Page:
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Thread: Falling Water vs Gamble House

  1. #1
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    Falling Water vs Gamble House

    The difference between these two is ,,,,help me find the words,,,,

  2. #2
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    Falling Water is an architectural deign motif by Frank Lloyd Wright. Gamble House is a Greene and Greene designed house in Pasadena Calif. Look at photos of Falling Water house in Pennsylvania, as opposed to Gamble House in Pasadena.
    I would classify Falling water as being more associated with "Art Deco", but Greene and Greene's style was more an amalgamation of Mission and secessionist style, principally inspired by the Jugendstil art movement, and leaning toward the Art Nouveau.
    Personally I find that Greene and Greene softened the hard,rectilinear lines of the mission style. Wright's work is abundant with hard lines.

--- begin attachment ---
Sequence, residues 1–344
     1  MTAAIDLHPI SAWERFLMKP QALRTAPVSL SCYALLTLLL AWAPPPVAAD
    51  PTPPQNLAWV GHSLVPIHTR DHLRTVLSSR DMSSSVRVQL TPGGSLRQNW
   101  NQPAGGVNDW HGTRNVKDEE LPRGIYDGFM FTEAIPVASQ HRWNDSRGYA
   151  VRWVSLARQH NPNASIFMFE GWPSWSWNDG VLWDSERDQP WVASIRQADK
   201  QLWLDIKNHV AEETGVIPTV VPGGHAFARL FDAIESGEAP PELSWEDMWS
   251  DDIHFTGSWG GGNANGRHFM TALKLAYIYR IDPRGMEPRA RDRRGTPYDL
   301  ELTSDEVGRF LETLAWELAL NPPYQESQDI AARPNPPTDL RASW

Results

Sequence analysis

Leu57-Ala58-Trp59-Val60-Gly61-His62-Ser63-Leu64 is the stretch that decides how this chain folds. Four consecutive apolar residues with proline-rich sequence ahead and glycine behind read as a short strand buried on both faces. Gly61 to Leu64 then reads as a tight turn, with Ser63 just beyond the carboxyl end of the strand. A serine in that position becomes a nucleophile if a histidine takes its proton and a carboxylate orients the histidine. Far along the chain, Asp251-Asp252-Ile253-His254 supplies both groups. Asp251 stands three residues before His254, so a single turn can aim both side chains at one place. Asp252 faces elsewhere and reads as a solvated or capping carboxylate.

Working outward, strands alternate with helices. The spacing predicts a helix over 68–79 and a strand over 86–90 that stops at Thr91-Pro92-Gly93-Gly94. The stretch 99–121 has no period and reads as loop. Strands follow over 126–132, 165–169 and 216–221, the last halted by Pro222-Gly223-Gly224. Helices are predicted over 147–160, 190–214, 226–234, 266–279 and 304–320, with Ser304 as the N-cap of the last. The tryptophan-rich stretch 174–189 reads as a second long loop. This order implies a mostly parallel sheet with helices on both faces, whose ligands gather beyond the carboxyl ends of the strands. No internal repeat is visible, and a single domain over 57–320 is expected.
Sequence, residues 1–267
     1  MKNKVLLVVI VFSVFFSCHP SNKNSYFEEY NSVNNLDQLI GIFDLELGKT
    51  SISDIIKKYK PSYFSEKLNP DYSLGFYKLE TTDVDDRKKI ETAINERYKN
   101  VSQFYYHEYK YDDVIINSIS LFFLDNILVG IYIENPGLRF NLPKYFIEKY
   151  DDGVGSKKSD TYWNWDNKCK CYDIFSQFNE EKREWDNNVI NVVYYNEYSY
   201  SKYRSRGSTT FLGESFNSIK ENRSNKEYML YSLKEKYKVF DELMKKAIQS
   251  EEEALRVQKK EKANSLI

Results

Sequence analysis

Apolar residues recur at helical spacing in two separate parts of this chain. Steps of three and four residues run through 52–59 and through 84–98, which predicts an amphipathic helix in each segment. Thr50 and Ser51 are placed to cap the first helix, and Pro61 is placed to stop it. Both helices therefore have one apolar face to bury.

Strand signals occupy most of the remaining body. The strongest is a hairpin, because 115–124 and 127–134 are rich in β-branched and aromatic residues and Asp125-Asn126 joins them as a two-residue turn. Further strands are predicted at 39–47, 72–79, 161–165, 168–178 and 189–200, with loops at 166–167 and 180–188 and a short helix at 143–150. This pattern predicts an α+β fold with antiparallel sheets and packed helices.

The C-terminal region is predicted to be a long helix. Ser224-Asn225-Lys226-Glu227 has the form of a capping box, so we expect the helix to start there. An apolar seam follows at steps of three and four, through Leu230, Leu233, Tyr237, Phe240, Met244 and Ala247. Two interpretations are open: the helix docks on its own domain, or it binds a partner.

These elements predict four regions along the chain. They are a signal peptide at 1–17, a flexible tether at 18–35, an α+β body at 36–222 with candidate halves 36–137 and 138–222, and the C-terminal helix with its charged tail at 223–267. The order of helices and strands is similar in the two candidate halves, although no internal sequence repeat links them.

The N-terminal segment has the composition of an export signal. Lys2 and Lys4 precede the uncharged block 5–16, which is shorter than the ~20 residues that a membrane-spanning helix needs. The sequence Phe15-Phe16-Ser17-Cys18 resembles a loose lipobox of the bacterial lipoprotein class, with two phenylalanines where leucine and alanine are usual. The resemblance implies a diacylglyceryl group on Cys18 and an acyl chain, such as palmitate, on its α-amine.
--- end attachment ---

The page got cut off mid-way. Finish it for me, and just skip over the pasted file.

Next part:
I admire both bodies of work.
    "The first thing you need to know, will likely be the last thing you learn." (Unknown)

  3. #3
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    I like the word "better". Falling Water is better than Gamble. Falling Water was profound at it's inception, and still is. Gamble is nice woodwork in a rather boring house design.

    Just my opinion

  4. #4
    The Gamble House is beautiful. In pictures, it looks more ... ornate? ... than Falling Water. I visited Falling Water and it's just amazing. I love the place. But it was fairly plain inside, with an emphasis on connecting the inside to nature outside. The passage that lets one go from the living room to the water, the slab of vertical windows that let's the woods connect to the upstairs rooms, etc. A few years back they had to shore-up the building to save it, because there were issues. It's quite a place.